450 kilograms (1,000 lb), giving it a power to weight
ratio of 0.42 kW/kg (0.25 hp/lb).
Knowing this, if you were to take a 6-cell NiMH pack and a
2-cell LiPo pack with the same power output, considering
that a LiPo weighs significantly less, you would have a
big advantage bettering terms of power-to-weight ratio.
Ah, but this is where things can get even more interesting
since we all know the new LiPo technology means an
increase in power as well.
Recently I was able to catch up with Atsushi Hara and get
his thoughts about the state of touring car design. Over
the last few years, touring car design has started to
plateau with most designs seeing the battery and
electronics in basically the same configuration. With LiPo
battery technology, Hara feels that we are on the verge of
a big change in car design. With dropping weight minimums,
he feels we could see some pretty unusual stuff or may
even adopt some older designs that didn't work quite as
well with NiMH. As he points out, there really isn't a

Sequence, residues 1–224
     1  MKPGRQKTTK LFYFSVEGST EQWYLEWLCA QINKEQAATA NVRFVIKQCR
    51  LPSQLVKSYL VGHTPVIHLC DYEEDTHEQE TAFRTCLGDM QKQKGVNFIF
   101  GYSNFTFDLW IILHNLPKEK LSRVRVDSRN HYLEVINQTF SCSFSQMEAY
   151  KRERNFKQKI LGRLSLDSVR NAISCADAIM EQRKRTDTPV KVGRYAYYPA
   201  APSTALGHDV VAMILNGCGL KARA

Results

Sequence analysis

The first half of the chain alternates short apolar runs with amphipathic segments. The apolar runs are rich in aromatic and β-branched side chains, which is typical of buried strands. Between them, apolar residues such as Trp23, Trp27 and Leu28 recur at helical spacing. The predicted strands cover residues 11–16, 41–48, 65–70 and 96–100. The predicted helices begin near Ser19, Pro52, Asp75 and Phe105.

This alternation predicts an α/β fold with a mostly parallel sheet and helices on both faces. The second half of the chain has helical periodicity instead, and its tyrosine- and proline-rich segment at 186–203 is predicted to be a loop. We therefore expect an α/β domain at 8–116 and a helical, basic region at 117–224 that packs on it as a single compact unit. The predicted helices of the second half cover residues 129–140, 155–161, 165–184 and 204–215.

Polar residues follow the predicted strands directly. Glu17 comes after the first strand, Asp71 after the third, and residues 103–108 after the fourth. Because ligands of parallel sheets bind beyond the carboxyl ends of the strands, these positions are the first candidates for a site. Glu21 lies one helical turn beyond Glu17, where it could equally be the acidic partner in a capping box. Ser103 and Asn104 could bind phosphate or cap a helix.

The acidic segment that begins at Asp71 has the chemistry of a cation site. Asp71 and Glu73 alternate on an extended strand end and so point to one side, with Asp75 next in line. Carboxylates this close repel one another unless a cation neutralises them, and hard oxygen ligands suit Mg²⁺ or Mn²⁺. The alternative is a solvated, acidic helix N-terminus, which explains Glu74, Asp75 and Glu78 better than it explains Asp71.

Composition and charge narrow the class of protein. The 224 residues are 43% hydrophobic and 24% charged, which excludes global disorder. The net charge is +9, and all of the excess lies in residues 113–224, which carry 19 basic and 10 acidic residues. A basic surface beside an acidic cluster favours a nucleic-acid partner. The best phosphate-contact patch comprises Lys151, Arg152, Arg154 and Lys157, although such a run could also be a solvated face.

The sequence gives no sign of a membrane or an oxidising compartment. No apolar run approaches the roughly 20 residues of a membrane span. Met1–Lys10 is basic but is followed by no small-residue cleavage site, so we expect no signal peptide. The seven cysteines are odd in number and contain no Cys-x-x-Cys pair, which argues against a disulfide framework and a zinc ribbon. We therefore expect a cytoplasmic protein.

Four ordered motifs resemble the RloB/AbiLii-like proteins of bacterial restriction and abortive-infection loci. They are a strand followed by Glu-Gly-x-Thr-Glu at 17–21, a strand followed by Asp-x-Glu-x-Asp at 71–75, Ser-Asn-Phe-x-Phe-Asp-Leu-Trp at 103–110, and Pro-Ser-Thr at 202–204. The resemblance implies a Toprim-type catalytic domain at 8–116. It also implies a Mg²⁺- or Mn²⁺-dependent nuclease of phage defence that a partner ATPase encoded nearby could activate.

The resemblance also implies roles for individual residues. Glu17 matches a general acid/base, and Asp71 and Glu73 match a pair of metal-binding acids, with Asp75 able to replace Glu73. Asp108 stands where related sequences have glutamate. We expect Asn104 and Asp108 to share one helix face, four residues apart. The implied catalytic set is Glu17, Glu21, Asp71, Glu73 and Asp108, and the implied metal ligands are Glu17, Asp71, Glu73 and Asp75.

reason why we should be carrying around so much "dead
weight" in order to balance out our cars. Will we see
touring cars with batteries in the center again, or even
have them running sideways? Time will tell, but it could
make for some interesting designs in the near future.
OK, now that you know a little bit about what to expect,
get to it. Yes, you will feel a difference, but you can
always start by trying to replicate the weight and
placement of your car in NiMH form and make the transition
to the lower weight through testing. Ask any engineer�he'll
tell you that light is faster on a track, so take
advantage of it. It's only a matter of time before minimum
weight rules drop and you'll be ready.